Thursday, 25 September 2008
Merdeka and Terawih in Tasmania...
looks like i'm not that far away from Malaysia though i'm thousands of miles away in Tassie. It's wonderful-mostly, anyway.
I recently met a group of Malaysian students studying here in Tassie at the University of Tasmania. We spent our last pre-ramadan day together at a barbecue held to celebrate Merdeka on 31st August at the Hobart Mosque. What a spirited and lively bunch. I love the energy and spontaneity of youth, the adventurous spirit, the fearlessness and confidence and a love for life they seemed to have. A wonderful man named Imam Sabri and his lovely wife Tun play the role of unofficial foster parents to this bunch, and Effendi and i were fortunate enough to be invite over to join them in celebrating Merdeka at the mosque and even for an evening of Buka Puasa and Terawih at Imam Sabri's. Terawih Tasmania-style was a fun experience as it was at Sabri's home, and the cheeky young students would say to him "Imam, keep the verses short,k... do the express version tonight!" which was really sweet. "Do lots of surah Al-Ikhlas, Al-Kauthar!" (some of the shortest verses in the Quran). The Imam was quite amused and tried to accommodate the requests by the youngsters which was really nice.
Imam Sabri is quite a guy. Apart from being THE Imam of Hobart, he was also made "Hero Of Tasmania" last year, fancy that. All the people in Tasmania and they chose a Malaysian Imam to represent Tassie, i'm really impressed by the level of tolerance and openness practised here. I'm made to understand he played an integral role post-9.11 in making Australia understand that Muslims are not at all about terrorism and bombing, and that Islam really preaches peace and love. He would hold inter-faith dialogues with representatives from synagogues and the various church leaders at the university, which is always well attended. Never short of a story to tell, he would fascinate me whenever i engaged him in conversation about Islam and Darwin's theory, the Big Bang and other niggly bits that used to bug my conscience between science and religion. And Imam Sabri would have all the patience in the world to answer the same questions again and again, always calm and gentle with a perpetual smile and twinkling eyes, like a gentle father or grandfather. Nothing like the sword-wielding jihad-invoking images you see on the net. His frday prayer sermon is read out from a laptop. He talks very intelligently about Islam and his sermon is relevant to society today, never patronising, never making you feel you will go to hell no matter what, with DOSA! and NERAKA! being the keyword of every line like i've heard of other lectures... okay, not that i've attended very many of these events..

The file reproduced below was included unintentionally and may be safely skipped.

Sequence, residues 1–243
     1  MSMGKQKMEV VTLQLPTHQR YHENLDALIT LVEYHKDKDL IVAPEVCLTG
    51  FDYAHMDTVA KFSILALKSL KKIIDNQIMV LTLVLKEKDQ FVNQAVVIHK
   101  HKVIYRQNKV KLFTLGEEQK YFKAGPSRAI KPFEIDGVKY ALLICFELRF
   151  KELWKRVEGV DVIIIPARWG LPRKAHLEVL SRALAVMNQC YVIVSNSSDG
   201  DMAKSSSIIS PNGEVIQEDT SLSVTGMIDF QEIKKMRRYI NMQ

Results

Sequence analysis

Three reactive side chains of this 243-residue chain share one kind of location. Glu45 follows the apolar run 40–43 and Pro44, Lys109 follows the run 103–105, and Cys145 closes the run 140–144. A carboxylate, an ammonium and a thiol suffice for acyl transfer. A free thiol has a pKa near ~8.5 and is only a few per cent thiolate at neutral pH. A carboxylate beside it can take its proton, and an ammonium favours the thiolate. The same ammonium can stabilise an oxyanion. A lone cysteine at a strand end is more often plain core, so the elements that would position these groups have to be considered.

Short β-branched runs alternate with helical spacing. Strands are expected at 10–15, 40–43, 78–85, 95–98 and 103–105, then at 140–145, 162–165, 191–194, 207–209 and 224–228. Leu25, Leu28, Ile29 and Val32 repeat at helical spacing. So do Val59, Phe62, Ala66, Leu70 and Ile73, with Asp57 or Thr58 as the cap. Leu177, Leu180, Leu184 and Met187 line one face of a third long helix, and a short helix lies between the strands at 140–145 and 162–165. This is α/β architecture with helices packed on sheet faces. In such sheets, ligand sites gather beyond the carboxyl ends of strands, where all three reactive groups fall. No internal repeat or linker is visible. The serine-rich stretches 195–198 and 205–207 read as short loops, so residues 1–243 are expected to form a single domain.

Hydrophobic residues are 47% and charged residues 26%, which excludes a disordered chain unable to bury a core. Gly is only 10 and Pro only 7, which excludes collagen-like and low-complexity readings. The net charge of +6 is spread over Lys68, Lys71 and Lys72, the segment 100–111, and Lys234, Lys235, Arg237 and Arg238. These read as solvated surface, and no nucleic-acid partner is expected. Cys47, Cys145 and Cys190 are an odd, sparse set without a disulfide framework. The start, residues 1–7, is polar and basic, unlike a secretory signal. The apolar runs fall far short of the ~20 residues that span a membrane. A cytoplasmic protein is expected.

Anyway. I'm really happy to have met the MelayuTasmania group of students, mostly because i now have a solution to my Hari Raya worries! Fortunately Nehran, the president of the group, has offered to make me a few varieties of kueh raya, PHEW! i had images of me slaving over the oven trying to figure out how to fake a few kueh recipes and get away with it.
So that was Merdeka and Terawih. The only un-Merdeka thing i felt was...where were the OTHER several hundred Malaysian students, the non-Malays on Merdeka? That ain't so sweet. I would have loved to see more interracial interreligious interaction going on. We must try and get this right at school level back home, or it really sounds like trouble to me. I remember back in my school days when my "gang" used to ALWAYS comprise of Malays, Indians, Chinese and some "others" in between too, and we had lots of fun and would never dream of being without each other. Would be tragic to think times have changed, but it's not too late for the next generation to make up for it or the mother ship would be in BEEEEG BEEEEG TROBLE.